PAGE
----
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Factors influencing energy intensity in four Chinese industries

Author

Listed:
  • Fisher-Vanden, Karen
  • Hu, Yong
  • Jefferson, Gary
  • Rock, Michael
  • Toman, Michael

Abstract

Energy intensity has declined significantly in four Chinese industries -- pulp and paper; cement; iron and steel; and aluminum. While previous studies have identified technological change within an industry to be an important influence on energy intensity, few have examined how industry-specific policies and market factors also affect industry-level intensity. This paper employs unique firm-level data from China's most energy-intensive large and medium-size industrial enterprises in each of these four industries over a six-year period from 1999 to 2004. It empirically examines how China's energy-saving programs, liberalization of domestic markets, openness to the world economy, and other policies, contribute to the decline in energy intensity in these industries. The results suggest that rising energy costs are a significant contributor to the decline in energy intensity in all four industries. China's industrial policies targeting scale economies -- for example,"grasping the large, letting go off the small"-- also seem to have contributed to reductions in energy intensity in these four industries. However, the results also suggest that trade openness and technology development led to declines in energy intensity in only one or two of these industries. Finally, the analysis finds that energy intensities vary among firms with different ownership types and regional locations.

Suggested Citation

  • Fisher-Vanden, Karen & Hu, Yong & Jefferson, Gary & Rock, Michael & Toman, Michael, 2013. "Factors influencing energy intensity in four Chinese industries," Policy Research Working Paper Series 6551, The World Bank.
  • Handle: RePEc:wbk:wbrwps:6551
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    References listed on IDEAS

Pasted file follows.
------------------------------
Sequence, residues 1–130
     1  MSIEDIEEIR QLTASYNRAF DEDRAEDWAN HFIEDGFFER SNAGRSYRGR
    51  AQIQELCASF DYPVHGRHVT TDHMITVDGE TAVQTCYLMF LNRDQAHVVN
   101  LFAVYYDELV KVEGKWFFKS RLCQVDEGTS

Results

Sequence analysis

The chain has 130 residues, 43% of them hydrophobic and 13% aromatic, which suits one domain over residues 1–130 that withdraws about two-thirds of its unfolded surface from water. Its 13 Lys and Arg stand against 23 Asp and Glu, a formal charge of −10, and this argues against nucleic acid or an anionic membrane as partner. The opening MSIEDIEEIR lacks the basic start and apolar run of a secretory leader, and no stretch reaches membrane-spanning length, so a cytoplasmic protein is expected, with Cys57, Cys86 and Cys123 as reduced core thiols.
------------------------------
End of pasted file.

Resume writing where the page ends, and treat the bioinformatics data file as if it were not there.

as
    1. Fan, Ying & Liao, Hua & Wei, Yi-Ming, 2007. "Can market oriented economic reforms contribute to energy efficiency improvement? Evidence from China," Energy Policy, Elsevier, vol. 35(4), pages 2287-2295, April.
    2. Ma, Chunbo & Stern, David I., 2008. "China's changing energy intensity trend: A decomposition analysis," Energy Economics, Elsevier, vol. 30(3), pages 1037-1053, May.
    3. Fisher-Vanden, Karen, 2009. "Energy in China: Understanding Past Trends and Future Directions," International Review of Environmental and Resource Economics, now publishers, vol. 3(3), pages 217-244, December.
    4. Zheng, Yingmei & Qi, Jianhong & Chen, Xiaoliang, 2011. "The effect of increasing exports on industrial energy intensity in China," Energy Policy, Elsevier, vol. 39(5), pages 2688-2698, May.
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    Cited by:

    1. Iris Claus & Les Oxley & Siqi Zheng & Cong Sun & Ye Qi & Matthew E. Kahn, 2014. "The Evolving Geography Of China'S Industrial Production: Implications For Pollution Dynamics And Urban Quality Of Life," Journal of Economic Surveys, Wiley Blackwell, vol. 28(4), pages 709-724, September.

    More about this item

    Keywords

    Energy Production and Transportation; Environment and Energy Efficiency; Energy and Environment; Water and Industry; E-Business;

    JEL classification:

    • F0 - International Economics - - General

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